Fortunately for me I’m persistent enough to still be here.  I’m an expert on this.  My life experience is at least as valuable as going to school.  Not to discount education – I’m a firm believer in the library.  I spent many, many, many hours reading every single thing I could about chimps.  You can’t study chimps if you don’t know about them.

Rumpus: But clearly people thought they could.

Ingersoll: Yeah, which I find amazing.  Herb’s job as principal investigator [should have been] to make sure everybody that worked on that project knew everything they could about all the aspects that were important to the project, from American Sign Language to chimpanzee behavior to teaching behavior, to how do teachers teach sentences and grammar and syntax? But none of that was done. None of it.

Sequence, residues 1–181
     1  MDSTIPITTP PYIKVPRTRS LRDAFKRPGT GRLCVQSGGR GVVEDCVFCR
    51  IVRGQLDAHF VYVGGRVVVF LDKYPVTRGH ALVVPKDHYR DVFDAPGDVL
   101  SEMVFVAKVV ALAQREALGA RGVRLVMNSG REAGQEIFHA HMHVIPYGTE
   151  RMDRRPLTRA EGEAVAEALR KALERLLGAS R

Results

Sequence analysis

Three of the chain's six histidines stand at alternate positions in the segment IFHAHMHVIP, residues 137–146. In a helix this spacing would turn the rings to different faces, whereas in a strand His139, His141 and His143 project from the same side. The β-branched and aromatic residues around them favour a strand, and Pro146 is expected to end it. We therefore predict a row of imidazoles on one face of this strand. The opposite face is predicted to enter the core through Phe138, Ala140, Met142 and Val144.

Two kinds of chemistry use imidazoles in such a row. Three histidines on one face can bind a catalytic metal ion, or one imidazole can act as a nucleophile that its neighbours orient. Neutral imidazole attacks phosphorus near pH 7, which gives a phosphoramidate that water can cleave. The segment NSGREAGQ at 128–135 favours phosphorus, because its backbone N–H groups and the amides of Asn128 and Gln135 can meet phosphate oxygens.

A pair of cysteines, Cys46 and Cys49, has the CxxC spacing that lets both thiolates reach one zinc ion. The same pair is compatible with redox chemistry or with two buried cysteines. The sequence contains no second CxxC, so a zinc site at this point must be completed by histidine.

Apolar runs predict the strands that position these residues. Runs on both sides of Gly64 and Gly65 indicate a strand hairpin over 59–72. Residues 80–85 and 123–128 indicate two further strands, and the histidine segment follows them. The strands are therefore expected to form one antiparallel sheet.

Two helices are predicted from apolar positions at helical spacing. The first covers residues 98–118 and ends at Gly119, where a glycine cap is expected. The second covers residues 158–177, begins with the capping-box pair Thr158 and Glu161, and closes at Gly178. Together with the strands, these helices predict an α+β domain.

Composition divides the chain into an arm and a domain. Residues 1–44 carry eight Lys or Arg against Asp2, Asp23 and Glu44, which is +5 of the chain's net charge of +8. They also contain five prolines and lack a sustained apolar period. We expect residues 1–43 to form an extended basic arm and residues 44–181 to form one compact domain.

To come back later and compile this data, which is, to me, worthless, into some sort of indictment against Nim, is flawed.  And then to end all the language experiments, which was the effect of Herb’s 1979 paper in Science – that’s not acceptable.

Rumpus: There’s a scene in LEMSIP where the caged chimps are signing “key,” “out,” “play” and “hug” to the medical researchers.  Clearly those were sentient beings communicating desires that any empathic human could understand.  I guess Herb’s argument was just that Nim didn’t use sign language correctly?

Ingersoll: Well what he’s saying is that Nim doesn’t have language.  Philosophically it’s another one of those ‘humans are unique because ___’ arguments.   Some humans cannot let go of that hierarchical thing that says ‘humans are separate from the animals because _____.’  And I’m like, no they’re not.  You are born to your mother, just like any other mammal, and you’re going to die, just like any other mammal.